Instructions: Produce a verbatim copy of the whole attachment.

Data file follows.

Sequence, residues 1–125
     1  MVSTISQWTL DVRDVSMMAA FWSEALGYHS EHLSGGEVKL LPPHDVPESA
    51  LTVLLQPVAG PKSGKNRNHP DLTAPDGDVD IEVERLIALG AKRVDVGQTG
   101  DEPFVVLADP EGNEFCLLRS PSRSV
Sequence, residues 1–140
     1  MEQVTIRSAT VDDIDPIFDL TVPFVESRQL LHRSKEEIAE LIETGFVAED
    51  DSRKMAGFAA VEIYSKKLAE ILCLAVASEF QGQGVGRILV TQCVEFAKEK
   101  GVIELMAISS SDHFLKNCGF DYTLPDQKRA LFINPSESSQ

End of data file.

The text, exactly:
Sequence, residues 1–125
     1  MVSTISQWTL DVRDVSMMAA FWSEALGYHS EHLSGGEVKL LPPHDVPESA
    51  LTVLLQPVAG PKSGKNRNHP DLTAPDGDVD IEVERLIALG AKRVDVGQTG
   101  DEPFVVLADP EGNEFCLLRS PSRSV
Sequence, residues 1–140
     1  MEQVTIRSAT VDDIDPIFDL TVPFVESRQL LHRSKEEIAE LIETGFVAED
    51  DSRKMAGFAA VEIYSKKLAE ILCLAVASEF QGQGVGRILV TQCVEFAKEK
   101  GVIELMAISS SDHFLKNCGF DYTLPDQKRA LFINPSESSQ